International USAR operations under the COVID-19 pandemic would be further complicated. Depending on the situation, team members might be required to take the polymerase chain reaction (PCR) tests at the arrival airports. Such tests lose valuable time and may decrease the possibility of life-saving by international teams. Also, affected countries might not wish to request international USAR assistance to avoid the spread of COVID-19 brought by foreign teams, and assisting countries might not wish to send their teams to the countries where the COVID-19 cases are increasing, and their emergency service system may already be overwhelmed. Traditional international USAR deployments (e.g. large-scale teams focusing only on life-saving operations) might not always be viable in the era of COVID-19. Thus, the role of relatively small-scale teams that can also contribute to recovery tasks should be re-evaluated as an integral element of international USAR.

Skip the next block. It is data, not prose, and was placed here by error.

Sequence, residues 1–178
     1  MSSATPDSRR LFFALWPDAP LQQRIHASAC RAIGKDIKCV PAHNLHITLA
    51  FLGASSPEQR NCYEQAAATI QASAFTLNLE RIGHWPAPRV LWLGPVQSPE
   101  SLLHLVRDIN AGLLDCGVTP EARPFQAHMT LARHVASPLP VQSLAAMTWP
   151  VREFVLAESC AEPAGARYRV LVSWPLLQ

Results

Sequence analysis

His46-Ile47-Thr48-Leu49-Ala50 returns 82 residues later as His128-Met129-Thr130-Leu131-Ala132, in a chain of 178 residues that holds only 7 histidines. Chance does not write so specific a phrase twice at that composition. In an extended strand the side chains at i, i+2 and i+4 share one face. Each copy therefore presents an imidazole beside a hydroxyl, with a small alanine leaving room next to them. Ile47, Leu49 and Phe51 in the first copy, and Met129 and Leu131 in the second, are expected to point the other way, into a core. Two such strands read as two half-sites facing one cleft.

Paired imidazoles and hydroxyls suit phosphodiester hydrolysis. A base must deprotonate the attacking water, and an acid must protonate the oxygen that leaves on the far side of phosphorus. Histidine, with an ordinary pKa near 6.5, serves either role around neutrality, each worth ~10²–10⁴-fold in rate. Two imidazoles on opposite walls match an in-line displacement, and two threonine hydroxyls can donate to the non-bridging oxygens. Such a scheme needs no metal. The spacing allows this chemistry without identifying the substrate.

This study aims to discuss the expanding role of international USAR teams through a case study using the 2020 Beirut explosions where international USAR teams were deployed to a non-earthquake situation and contributed to the rescue and recovery tasks during the COVID-19 pandemic. The study closely looks at the @fire Germany team’s operation in Beirut since the team was scheduled to undergo the first IEC in light level classification in 2020, although the evaluation was postponed due to COVID-19. The study will provide some thoughts about how international USAR teams, even if they are small-scale teams, can contribute during the early recovery and capacity building of first responders, which will increase in importance in the COVID-19 era.
@fire Germany is an NGO team founded in 2002 to fight forest fires outside of Germany. They have approximately 250 registered volunteers working as firefighters and paramedics. Most of the volunteers are full-time firefighters and emergency medical services (EMS) personnel, and they get the same training as full-time firefighters or EMS staff. They also have approximately 10 trained search dogs ready for deployment. The funding for @fire deployments is mainly by donations.